This has nothing to do with the personalities of Barack Obama and Benjamin Netanyahu. The United States has shown it cannot pacify countries with available forces. The definition of insanity is doing the same thing repeatedly and expecting a different outcome. If the United States is not involved on the ground in a conflict, then it becomes a problem for regional powers to handle. If the regional powers take the roles they must, they should balance against each other without a single regional hegemon emerging.

Israel does not want to be considered by the United States as one power among many. It is focused on the issue of a nuclear Iran, but it knows that there is no certainty that Iran's nuclear facilities can be destroyed or that sanctions will cause the Iranians to abandon the nuclear program. What Israel fears is an entente between the United States and Iran and a system of relations in which U.S. support will not be automatic.

So a speech will be made. Obama and Netanyahu are supposed to dislike each other. Politicians are going to be elected and jockey for power. All of this is true, and none of it matters. What does matter is that the United States, regardless of who is president, has to develop a new strategy in the region. This is the only option other than trying to occupy Syria and Iraq. Israel, regardless of who is prime minister, does not want to be left as part of this system while the United States maintains ties with all the other players along with Israel. Israel doesn't have the weight to block this strategy, and the United States has no alternative but to pursue it.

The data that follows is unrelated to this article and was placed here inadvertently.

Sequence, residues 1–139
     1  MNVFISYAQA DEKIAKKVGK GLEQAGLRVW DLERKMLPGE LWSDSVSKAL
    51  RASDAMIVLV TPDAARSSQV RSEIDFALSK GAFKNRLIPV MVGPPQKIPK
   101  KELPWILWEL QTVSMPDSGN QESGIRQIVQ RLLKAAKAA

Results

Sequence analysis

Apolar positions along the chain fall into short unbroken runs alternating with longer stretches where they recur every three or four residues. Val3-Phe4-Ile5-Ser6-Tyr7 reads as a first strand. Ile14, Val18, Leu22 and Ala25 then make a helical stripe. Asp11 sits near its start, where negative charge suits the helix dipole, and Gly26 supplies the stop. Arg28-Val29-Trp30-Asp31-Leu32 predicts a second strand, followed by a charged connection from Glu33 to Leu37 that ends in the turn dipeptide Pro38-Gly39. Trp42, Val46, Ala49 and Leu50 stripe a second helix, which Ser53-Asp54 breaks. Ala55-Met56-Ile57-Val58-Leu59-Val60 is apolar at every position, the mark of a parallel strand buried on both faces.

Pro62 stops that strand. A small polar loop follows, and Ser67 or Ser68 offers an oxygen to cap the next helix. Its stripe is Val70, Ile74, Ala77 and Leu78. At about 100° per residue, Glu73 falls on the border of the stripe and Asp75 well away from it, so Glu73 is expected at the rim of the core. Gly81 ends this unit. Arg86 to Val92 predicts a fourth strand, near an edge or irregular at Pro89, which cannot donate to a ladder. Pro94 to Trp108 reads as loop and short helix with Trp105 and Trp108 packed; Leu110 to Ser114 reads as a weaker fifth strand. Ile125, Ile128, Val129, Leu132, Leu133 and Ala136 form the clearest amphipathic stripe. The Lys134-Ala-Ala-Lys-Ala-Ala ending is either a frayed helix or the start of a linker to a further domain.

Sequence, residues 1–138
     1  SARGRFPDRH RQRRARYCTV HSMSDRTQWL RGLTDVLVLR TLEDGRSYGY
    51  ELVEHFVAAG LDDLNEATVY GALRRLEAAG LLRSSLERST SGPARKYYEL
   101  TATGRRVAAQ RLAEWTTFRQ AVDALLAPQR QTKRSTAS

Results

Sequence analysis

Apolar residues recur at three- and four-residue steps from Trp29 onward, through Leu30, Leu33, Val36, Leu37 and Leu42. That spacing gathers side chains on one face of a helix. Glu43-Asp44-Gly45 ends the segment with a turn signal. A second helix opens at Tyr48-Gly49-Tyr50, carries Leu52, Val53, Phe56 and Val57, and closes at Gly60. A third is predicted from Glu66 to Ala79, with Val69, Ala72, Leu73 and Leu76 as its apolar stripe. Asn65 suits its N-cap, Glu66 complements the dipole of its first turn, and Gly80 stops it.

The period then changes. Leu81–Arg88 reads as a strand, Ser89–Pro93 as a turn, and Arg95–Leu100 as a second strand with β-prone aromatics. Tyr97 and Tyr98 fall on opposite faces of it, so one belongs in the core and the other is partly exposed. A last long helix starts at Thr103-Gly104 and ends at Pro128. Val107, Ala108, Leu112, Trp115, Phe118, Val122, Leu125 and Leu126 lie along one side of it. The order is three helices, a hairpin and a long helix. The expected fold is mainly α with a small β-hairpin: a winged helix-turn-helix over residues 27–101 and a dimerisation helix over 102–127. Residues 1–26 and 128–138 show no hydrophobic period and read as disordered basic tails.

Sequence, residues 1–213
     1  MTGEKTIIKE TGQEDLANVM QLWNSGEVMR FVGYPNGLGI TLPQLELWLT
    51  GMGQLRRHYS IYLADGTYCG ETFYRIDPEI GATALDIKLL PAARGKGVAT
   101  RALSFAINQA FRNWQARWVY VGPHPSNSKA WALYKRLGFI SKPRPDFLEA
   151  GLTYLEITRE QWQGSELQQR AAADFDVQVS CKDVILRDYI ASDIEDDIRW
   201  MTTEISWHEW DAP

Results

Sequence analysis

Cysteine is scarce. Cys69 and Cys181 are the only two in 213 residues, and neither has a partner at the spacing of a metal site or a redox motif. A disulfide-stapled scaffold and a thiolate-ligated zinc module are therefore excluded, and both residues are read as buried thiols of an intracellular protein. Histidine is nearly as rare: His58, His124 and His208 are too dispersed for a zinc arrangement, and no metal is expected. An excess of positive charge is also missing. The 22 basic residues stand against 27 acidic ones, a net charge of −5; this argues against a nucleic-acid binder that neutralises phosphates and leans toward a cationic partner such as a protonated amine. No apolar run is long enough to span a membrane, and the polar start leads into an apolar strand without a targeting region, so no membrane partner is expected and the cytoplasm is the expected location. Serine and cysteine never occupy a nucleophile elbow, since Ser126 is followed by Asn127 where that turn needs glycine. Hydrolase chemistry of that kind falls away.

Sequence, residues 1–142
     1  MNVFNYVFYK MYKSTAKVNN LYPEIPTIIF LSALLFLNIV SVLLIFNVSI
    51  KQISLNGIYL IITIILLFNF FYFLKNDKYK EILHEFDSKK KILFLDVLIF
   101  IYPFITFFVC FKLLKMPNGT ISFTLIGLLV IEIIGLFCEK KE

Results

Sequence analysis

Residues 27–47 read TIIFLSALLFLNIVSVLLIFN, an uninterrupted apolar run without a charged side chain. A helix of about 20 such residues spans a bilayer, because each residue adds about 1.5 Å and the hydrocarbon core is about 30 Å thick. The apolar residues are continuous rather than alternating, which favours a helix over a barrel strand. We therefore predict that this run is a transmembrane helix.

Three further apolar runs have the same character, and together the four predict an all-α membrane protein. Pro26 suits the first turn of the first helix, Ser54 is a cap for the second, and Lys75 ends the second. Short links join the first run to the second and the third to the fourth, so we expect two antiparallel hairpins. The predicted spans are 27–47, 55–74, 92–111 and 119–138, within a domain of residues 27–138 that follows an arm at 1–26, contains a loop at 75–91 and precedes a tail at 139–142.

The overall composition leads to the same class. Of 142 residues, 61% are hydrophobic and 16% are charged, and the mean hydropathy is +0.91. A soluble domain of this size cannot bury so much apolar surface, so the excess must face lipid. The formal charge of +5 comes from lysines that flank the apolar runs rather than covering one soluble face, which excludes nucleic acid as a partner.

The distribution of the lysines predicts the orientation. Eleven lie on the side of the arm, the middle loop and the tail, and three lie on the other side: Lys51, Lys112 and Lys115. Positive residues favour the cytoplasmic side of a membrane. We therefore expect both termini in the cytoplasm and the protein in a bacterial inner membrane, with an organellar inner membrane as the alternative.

This isn't about Netanyahu and Obama, and both know it. It is about the reconfiguration of a region the United States cannot subdue and cannot leave. It is the essence of great power strategy: creating a balance of power in which the balancers are trapped into playing a role they don't want. It is not a perfect strategy, but it is the only one the United States has. Israel is not alone in not wanting this. Turkey, Iran and Saudi Arabia don't want it, either. But geopolitics is indifferent to wishes. It understands only imperatives and constraints.
15  Politics, Religion, Science, Culture and Humanities / Politics & Religion / Chinese Businessman, Nicaragua, and a new canal? on: March 05, 2015, 09:44:12 AM
Summary

The idea of a canal across Nicaragua, easing transit flows between the Pacific and the Atlantic, is as old as the country itself. But despite numerous surveys and plans across the centuries, no Nicaraguan canal has ever been shown to be economically viable for the investors. The United States, European and numerous Asian countries and companies have explored both "wet" and "dry" canals — the latter utilize rail between ports on both sides of the isthmus.